Eid Mubarak 2012 / 1433 – Happy Eid from Zawaj.com!
Tomorrow morning, Insha’Allah, me, my mother and father, and my daughter Salma – who is six years old now – will wake up early and put on our best clothes, Insha’Allah. We’ll get in the car and stop at the donut shop at Shaw and Blackstone, because they have the sweetest, plumpest, shiniest donuts in town. Each one gleams like a seashell in the glass case. I’ll buy a box of a dozen to share with others after Salat al-Eid, and a few extras in a bag for our family, so we don’t have to wait in a mile-long line and elbow people to get ahead.
We’ll go downtown to the Fresno fairgrounds, and sit among a thousand other Muslims. We’ll recite the Takbeerat al-Eid, praising Allah’s greatness. We’ll pray the Eid Salat, then I’ll strain to hear the khutbah as so many people begin chattering right away. My daughter will pester me, saying, “Can we eat the donuts now?”… “Not yet sweetie, when the khutbah is over.”
I know, it all sounds a bit silly, but I’m excited. It’s a wonderful day. I’ll see brothers that I haven’t seen since last year. Everyone will be wearing their best outfits.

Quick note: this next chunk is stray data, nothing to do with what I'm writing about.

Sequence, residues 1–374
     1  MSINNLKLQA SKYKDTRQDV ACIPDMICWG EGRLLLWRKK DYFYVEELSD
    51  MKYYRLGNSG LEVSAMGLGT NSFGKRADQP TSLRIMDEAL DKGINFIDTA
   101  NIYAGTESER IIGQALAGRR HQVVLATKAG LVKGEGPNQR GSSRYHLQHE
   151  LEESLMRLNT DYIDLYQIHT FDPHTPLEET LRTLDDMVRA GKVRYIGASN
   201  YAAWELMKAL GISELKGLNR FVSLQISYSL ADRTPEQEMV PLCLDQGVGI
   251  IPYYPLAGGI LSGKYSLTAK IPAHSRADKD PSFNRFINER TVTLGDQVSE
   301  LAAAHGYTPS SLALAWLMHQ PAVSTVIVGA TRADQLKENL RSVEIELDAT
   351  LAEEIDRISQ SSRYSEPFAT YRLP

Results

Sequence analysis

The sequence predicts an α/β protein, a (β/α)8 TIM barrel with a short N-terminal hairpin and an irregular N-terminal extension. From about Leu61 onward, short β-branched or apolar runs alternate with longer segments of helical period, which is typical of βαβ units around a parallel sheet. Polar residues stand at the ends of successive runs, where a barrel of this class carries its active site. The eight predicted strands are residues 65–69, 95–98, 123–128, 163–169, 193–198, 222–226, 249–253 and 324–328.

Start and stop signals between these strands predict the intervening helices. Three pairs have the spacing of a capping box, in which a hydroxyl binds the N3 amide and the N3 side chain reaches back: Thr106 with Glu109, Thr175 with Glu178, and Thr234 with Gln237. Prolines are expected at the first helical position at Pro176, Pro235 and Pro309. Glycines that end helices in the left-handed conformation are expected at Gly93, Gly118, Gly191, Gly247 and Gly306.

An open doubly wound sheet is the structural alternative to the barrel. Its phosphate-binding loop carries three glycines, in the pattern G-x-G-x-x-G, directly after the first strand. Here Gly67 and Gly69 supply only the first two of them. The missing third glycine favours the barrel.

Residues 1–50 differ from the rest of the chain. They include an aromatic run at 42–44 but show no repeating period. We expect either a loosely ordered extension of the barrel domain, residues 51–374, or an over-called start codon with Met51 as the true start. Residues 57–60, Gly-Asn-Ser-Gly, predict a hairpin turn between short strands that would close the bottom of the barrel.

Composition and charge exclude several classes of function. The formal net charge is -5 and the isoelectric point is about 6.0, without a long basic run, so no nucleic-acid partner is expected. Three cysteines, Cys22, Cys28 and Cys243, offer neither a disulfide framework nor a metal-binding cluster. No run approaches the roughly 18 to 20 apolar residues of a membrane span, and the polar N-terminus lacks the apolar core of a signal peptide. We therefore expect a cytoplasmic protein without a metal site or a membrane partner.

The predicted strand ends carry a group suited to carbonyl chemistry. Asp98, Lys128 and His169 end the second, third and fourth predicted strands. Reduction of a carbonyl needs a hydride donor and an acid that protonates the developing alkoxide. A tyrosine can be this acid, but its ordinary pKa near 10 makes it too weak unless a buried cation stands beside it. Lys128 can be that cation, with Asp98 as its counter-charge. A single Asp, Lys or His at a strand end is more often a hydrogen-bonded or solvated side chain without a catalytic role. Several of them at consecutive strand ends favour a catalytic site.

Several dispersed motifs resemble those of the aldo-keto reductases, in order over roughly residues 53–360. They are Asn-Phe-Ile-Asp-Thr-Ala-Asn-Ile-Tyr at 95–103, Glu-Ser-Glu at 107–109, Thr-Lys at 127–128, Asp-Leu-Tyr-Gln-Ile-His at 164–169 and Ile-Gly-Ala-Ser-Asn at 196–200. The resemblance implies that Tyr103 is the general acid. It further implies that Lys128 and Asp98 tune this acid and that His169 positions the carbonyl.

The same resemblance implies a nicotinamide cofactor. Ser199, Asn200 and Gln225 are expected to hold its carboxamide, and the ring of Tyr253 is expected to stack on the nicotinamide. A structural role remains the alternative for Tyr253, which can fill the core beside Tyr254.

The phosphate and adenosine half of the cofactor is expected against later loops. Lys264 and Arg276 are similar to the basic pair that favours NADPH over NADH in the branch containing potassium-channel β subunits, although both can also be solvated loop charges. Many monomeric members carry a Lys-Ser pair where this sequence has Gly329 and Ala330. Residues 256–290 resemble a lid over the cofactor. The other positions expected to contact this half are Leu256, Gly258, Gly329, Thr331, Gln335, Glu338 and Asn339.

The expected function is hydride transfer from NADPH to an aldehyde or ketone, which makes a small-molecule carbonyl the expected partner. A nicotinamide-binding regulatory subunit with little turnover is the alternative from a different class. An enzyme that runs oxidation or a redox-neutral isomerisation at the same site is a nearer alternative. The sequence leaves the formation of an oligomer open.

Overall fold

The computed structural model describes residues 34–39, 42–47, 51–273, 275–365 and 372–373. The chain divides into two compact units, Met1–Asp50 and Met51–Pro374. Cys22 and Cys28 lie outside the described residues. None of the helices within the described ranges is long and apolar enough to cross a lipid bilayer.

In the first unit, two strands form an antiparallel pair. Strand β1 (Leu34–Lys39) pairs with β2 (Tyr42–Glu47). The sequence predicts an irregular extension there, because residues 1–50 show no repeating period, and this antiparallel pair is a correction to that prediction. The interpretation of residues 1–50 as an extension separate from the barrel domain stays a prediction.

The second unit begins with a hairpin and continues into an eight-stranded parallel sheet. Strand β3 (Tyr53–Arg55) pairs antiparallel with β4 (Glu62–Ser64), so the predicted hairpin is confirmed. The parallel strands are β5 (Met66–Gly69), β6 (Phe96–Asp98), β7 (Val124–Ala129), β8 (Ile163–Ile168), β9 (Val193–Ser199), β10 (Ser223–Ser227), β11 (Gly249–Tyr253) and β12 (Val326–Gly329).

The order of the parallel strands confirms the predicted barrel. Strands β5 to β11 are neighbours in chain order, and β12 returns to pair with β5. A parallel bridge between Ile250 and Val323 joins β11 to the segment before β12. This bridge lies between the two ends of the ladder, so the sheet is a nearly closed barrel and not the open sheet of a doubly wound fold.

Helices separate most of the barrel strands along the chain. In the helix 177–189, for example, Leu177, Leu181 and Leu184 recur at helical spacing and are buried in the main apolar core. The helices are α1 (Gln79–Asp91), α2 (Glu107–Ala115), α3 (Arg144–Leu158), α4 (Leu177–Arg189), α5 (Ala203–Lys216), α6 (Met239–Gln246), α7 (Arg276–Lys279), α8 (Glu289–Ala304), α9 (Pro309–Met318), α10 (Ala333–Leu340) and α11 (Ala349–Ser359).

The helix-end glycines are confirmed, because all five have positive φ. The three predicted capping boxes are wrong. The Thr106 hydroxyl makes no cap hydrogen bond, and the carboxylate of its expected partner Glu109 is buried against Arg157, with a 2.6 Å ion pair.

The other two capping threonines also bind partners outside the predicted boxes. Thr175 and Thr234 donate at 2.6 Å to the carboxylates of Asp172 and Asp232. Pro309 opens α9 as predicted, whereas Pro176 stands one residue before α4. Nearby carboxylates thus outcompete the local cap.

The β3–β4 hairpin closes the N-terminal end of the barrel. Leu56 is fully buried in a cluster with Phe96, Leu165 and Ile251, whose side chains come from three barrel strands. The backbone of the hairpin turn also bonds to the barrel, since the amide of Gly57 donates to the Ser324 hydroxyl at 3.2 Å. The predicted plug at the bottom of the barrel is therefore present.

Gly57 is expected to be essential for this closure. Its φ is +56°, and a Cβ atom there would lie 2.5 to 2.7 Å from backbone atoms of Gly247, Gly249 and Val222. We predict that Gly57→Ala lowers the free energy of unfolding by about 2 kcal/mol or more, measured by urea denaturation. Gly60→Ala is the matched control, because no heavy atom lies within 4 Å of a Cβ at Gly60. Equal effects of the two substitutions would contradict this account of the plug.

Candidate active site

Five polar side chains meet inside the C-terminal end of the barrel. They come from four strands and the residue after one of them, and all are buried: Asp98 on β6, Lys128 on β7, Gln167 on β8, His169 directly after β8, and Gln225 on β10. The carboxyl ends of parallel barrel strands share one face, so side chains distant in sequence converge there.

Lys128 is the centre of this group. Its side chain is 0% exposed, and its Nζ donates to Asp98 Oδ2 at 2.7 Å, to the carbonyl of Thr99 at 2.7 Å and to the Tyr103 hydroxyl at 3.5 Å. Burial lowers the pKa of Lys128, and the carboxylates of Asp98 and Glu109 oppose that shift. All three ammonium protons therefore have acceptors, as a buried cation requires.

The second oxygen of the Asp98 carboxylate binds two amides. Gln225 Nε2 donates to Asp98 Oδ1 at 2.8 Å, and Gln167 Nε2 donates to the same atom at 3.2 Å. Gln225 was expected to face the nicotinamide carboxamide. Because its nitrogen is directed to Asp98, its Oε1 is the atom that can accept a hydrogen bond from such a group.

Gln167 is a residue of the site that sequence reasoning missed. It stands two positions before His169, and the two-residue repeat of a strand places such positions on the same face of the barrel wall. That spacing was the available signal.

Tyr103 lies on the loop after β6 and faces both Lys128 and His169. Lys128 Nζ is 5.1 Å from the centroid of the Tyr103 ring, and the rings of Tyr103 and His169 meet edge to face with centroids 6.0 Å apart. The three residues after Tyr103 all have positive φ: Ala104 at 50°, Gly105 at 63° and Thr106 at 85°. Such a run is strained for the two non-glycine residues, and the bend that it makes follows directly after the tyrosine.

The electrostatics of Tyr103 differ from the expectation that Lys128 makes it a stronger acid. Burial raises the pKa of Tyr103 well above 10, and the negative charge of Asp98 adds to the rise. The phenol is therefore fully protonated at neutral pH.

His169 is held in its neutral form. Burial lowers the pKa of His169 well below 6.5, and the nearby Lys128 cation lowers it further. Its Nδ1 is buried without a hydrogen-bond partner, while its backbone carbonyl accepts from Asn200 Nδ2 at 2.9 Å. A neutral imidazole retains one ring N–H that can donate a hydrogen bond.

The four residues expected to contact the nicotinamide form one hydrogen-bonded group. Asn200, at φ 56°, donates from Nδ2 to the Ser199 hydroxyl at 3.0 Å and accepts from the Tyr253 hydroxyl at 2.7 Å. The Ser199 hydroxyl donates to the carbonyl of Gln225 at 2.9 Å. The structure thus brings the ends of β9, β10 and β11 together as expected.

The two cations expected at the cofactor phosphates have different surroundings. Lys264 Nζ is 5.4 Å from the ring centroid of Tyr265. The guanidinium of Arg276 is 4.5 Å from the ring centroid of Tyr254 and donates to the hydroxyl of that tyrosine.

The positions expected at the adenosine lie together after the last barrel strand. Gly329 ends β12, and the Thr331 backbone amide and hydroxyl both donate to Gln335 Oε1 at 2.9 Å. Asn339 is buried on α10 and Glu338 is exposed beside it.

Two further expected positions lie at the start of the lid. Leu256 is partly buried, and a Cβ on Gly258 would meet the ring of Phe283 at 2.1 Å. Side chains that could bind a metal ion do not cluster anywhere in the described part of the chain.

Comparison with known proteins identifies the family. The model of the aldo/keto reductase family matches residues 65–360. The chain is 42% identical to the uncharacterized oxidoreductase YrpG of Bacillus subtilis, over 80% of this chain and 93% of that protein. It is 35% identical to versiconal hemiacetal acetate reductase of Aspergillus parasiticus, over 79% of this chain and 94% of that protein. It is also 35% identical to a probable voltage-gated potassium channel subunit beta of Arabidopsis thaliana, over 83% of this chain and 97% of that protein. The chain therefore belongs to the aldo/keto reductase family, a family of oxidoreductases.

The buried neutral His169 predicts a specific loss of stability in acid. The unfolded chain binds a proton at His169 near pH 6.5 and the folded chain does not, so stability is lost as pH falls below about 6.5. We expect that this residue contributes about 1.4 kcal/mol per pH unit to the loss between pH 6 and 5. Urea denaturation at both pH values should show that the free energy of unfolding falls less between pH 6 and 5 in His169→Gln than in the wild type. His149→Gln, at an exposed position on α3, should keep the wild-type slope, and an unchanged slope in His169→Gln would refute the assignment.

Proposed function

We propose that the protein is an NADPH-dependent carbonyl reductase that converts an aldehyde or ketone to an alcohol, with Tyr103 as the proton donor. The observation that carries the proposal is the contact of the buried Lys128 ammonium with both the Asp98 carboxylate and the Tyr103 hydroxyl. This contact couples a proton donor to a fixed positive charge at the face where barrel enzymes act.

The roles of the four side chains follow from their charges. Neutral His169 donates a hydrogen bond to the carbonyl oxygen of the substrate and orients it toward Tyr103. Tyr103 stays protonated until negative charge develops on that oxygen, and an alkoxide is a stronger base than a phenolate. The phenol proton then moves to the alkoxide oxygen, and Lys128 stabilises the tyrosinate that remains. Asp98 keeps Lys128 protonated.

But it’s not about the donuts, or the nice clothes. It is this feeling of being connected to every Muslim around the world; a feeling of being part of something great.
When we return home, Salma will open her presents: a new pair of shoes, a toy bed for her dolls, and a game called “Trouble”. My mother will make cookies, and we’ll put some decorations on the walls. Then we will write a letter to Hawa, an orphan in Sierra Leone who we are fostering. She is eleven years old. I want Salma to understand that part of being a Muslim is caring for others, and remembering them always.
I try to make the day special for Salma. It’s difficult. Everywhere we go, we see Halloween decorations and advertisements. When I tell Salma, “Three days left until Eid!”, she counters with, “And nine days until Halloween!” But I try.
I will also talk to Salma about our Muslim brothers and sisters who are struggling all over the world. In Palestine and Syria and Burma they are fighting for their freedom and their very survival. They don’t have pizza and donuts on Eid, or shiny new shoes. Many have no food to eat at all. Most have lost someone: a parent, a child, a sibling or a friend. Some have been utterly devastated.
Yet, they are resolute. They will not stop until they are free.
These are the real heroes of Eid-ul-Adha. I feel small next to them. I weep when I think of their struggles. They are the ones living the spirit of Ibrahim (as). They have made the greatest sacrifices, and are still striving, undaunted. They are living the words of Allah:
“Say: ‘Verily, my ṣalāh, my sacrifice, my living, and my dying are all for Allāh, the Lord of the ‘Alameen’” (6:162).
That is what Eid-ul-Adha is all about. May Allah give them security, safety, comfort, victory, and Jannah.
October 25, 2012